Effects of Returnees Re-Integration on the Livelihoods of Host Communities in Leer County, South Sudan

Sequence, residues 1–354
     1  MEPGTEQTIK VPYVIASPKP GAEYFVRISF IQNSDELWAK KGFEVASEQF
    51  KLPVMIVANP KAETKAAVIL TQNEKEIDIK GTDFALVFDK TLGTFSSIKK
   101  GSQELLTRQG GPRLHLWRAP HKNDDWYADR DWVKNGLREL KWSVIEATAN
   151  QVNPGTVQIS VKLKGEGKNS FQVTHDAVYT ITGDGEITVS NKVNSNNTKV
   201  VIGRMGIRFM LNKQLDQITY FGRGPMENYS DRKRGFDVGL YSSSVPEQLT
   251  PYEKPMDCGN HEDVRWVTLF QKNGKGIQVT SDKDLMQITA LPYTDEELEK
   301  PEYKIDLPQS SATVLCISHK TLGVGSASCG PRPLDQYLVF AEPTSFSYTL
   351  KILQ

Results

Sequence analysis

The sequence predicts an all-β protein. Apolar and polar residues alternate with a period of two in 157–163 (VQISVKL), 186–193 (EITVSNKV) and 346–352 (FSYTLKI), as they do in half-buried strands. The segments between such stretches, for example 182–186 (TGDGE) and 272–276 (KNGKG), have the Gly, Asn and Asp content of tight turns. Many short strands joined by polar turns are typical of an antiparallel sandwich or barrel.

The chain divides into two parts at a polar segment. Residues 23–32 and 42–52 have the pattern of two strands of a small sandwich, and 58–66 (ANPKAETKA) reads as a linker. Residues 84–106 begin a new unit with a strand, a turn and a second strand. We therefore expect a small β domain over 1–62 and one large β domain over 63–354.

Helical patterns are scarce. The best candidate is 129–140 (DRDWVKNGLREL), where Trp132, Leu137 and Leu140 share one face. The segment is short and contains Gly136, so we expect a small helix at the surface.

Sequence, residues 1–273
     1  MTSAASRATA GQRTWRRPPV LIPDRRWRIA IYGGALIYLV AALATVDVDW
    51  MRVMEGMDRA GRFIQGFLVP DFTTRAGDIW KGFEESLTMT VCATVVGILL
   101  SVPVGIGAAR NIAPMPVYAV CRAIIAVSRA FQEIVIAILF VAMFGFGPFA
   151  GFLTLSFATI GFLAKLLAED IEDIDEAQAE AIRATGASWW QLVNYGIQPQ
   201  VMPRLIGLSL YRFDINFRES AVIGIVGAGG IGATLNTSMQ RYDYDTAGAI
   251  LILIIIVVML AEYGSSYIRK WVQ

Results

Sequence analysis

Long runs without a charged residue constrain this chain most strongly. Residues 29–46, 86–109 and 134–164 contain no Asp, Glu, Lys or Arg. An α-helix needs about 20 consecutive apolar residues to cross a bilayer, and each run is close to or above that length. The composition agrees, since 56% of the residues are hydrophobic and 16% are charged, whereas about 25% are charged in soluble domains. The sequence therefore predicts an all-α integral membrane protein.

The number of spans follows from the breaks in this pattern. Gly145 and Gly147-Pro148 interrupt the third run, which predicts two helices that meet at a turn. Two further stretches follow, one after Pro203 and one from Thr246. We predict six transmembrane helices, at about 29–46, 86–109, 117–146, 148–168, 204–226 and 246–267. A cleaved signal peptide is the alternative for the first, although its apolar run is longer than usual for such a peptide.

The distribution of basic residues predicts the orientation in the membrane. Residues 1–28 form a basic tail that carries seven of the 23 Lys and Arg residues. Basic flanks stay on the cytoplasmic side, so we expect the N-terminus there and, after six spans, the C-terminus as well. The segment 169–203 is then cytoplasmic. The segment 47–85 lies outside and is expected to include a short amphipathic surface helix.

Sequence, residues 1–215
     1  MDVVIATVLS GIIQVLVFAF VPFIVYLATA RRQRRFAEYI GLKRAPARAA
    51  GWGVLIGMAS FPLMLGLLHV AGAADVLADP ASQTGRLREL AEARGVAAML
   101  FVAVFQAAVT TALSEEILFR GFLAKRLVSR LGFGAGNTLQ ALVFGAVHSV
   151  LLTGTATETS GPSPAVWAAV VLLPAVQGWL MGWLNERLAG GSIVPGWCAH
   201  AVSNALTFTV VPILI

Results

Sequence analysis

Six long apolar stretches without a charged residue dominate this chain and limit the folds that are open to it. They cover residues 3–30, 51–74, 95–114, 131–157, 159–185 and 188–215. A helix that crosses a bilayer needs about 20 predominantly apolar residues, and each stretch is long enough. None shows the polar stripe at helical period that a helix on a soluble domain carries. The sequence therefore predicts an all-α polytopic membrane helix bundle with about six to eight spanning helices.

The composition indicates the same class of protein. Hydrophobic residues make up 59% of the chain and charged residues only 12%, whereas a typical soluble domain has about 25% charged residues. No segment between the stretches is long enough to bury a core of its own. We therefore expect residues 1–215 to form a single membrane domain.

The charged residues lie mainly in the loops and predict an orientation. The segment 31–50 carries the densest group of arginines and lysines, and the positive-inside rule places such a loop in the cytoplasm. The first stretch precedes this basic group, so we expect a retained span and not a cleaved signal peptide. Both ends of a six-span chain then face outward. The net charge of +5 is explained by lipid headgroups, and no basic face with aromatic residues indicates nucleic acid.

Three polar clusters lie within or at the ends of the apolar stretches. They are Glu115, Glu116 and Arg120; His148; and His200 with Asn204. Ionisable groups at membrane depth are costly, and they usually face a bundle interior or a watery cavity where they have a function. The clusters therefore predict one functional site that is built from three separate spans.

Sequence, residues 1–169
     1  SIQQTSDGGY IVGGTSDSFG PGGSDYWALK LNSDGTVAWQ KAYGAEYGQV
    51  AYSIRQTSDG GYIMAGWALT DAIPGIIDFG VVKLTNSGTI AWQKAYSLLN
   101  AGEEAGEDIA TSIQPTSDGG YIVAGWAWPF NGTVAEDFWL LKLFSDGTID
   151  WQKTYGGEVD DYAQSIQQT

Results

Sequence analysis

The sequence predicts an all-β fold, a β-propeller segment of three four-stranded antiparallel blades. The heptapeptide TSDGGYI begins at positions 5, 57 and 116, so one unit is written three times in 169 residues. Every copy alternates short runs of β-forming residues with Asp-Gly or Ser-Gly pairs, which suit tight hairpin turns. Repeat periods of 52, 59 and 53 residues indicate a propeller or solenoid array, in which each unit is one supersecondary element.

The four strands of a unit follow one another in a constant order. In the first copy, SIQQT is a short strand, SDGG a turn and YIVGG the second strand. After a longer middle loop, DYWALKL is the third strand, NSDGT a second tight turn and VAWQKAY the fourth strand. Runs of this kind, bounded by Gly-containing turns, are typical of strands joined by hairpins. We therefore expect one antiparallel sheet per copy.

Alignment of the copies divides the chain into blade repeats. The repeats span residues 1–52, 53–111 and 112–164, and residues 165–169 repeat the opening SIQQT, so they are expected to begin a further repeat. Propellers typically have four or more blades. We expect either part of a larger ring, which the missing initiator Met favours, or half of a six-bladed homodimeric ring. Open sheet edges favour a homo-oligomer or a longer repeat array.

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Although international press has covered the conflicts in the Sudan region extensively, the effects of returnees’ reintegration on sustainable livelihoods of host communities have not received much attention. Findings from Leer in South Sudan indicated that contrary to expectation, host communities play a leading role in the returnees to socio-economic reintegration than government, the international community and civil society organisations. Immediate support provided by host communities centred on the provision of basic needs like food, water, shelter, productive assets and start-off money, all of which are hinged on established traditional kinship ties and relationships of trust and reciprocity. Nevertheless, the influx of returnees resulted into competition for various scarce resources creating conflicts and tensions that threatened the realization of durable peaceful co-existence between the returnees and their hosts. Although a burden in the short term, reintegrated returnees collectively participate in community activities and make their contribution to the improvement of their conditions and general development of the area using diverse skills that they possess and or acquire over time in the displacement and or refugee camps. National and international effort on sustainable returnee re-integration should focus on strengthening the participation of host communities, provision of critical basic needs and services, accelerated access to land, and decisive internal political stabilization.